After a long prison sentence Smiler Grogan (Jimmy Durante) is heading at high speed to a California park where he hid $350,000 from a job 15 years previously. He accidentally careens over a cliff in view of four cars whose occupants go down to help. The dying Grogan gives details of where the money is buried and when the witnesses fail to agree on sharing the cash, a crazy chase develops across the state.

See the trailer here:


http://www.tcm.com/mediaroom/video/16874/It-s-a-Mad-Mad-Mad-Mad-World-Original-Trailer-.html

January:

"The Sweet Smell of Success" 1957



Man, Is this a good one!

Visit the Wikipedia entry for this film:  http://en.wikipedia.org/wiki/Sweet_Smell_of_Success

Rumors have it that Burt Lancaster's role was based on Walter Winchell.  But I've also heard that it was Ed Sullivan's early career as a press agent that fed the part.  An incredible pastiche of 1950s New York City and its denizens of the Broadway deep.



December:

"A Christmas Carol" 1951




I like Amazon's description of this movie:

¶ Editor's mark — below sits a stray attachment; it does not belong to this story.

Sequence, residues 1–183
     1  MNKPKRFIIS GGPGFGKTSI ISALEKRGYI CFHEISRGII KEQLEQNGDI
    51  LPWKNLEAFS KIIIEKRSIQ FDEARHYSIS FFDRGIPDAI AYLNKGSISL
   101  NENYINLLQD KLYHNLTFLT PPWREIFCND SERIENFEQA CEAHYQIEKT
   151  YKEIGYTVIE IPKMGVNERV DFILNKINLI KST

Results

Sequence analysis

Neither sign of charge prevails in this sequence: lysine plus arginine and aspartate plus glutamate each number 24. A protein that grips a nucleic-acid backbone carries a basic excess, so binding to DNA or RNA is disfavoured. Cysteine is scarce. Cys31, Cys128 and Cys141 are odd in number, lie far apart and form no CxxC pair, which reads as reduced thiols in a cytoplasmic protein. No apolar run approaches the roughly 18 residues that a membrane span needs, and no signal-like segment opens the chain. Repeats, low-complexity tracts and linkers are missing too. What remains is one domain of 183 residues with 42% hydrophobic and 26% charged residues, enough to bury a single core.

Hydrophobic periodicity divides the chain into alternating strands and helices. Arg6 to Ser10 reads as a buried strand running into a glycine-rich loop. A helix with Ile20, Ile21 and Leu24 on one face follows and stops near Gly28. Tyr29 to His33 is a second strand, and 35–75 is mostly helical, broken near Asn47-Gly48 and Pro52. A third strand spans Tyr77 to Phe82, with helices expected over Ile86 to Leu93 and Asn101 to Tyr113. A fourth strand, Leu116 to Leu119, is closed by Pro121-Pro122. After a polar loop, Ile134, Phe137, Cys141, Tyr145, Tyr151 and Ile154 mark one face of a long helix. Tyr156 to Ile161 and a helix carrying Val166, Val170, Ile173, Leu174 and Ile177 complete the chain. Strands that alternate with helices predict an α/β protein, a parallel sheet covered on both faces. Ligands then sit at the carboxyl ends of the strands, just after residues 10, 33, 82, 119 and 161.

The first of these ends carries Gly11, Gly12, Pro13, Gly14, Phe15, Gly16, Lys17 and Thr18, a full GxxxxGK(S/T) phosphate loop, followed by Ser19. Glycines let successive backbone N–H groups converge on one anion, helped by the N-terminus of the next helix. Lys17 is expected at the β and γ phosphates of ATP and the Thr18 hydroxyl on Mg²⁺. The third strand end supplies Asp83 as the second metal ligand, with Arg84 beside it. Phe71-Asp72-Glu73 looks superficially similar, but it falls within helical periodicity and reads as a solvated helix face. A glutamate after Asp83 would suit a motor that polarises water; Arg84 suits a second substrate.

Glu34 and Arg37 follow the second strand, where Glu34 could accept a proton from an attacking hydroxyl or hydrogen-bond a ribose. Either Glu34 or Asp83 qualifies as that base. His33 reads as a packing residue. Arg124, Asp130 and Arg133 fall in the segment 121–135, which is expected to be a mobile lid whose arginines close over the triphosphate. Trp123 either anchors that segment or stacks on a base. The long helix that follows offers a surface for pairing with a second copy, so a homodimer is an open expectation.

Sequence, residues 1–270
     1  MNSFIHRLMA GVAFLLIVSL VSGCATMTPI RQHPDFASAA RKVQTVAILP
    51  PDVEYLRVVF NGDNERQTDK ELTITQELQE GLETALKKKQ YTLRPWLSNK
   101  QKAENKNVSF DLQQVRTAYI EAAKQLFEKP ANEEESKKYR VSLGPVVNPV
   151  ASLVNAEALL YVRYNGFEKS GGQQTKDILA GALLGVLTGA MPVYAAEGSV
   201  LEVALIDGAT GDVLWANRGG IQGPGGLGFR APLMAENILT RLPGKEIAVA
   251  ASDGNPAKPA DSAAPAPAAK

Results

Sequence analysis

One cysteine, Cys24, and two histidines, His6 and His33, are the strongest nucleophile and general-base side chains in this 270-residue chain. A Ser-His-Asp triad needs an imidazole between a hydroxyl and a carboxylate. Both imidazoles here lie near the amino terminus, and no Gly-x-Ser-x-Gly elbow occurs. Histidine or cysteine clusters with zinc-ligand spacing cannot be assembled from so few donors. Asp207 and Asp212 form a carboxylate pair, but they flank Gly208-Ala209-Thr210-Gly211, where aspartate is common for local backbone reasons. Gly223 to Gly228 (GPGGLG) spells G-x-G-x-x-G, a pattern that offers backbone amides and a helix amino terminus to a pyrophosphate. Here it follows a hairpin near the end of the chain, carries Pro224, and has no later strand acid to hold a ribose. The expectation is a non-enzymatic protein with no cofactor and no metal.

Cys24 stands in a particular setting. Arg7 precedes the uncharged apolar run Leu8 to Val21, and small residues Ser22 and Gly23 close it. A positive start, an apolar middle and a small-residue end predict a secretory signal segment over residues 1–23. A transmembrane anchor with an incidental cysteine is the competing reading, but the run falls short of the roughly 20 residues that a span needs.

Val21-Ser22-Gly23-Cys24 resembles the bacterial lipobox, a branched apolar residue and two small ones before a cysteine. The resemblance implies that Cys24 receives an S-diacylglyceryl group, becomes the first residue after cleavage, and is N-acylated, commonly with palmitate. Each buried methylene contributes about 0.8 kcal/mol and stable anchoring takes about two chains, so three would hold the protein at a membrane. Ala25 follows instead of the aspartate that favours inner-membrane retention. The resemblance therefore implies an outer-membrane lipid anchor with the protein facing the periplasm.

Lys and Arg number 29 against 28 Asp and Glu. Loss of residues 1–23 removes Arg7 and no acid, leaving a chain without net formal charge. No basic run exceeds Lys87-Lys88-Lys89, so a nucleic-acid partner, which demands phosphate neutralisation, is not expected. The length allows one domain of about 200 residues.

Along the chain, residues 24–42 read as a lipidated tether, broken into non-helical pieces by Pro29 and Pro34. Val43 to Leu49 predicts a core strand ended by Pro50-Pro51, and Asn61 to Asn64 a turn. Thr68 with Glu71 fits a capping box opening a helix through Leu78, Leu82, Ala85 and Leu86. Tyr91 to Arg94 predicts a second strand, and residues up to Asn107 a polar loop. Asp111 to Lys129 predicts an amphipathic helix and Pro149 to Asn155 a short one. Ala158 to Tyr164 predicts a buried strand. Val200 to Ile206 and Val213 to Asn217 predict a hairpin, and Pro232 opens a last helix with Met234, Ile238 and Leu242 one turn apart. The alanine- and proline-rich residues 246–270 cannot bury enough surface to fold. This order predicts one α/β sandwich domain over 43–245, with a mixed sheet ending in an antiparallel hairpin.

This is the desert-island choice of the many versions of A Christmas Carol, with a magnificent, full-bodied portrayal of Ebenezer Scrooge by Alastair Sim that leaves everyone else in the dust. Lean and direct, this film's version of the story wastes no time trying to impress viewers with the magical nature of the spirits' visitations.

And they're right!  There is no other version worth viewing in my opinion.  This is it, folks.

And steer clear of the colorized version if you'd like to maintain that Dickensian environment.


Also, keep an eye out for the Avengers' Patrick McNee who made his screen debut in this film as the young Jacob Marley.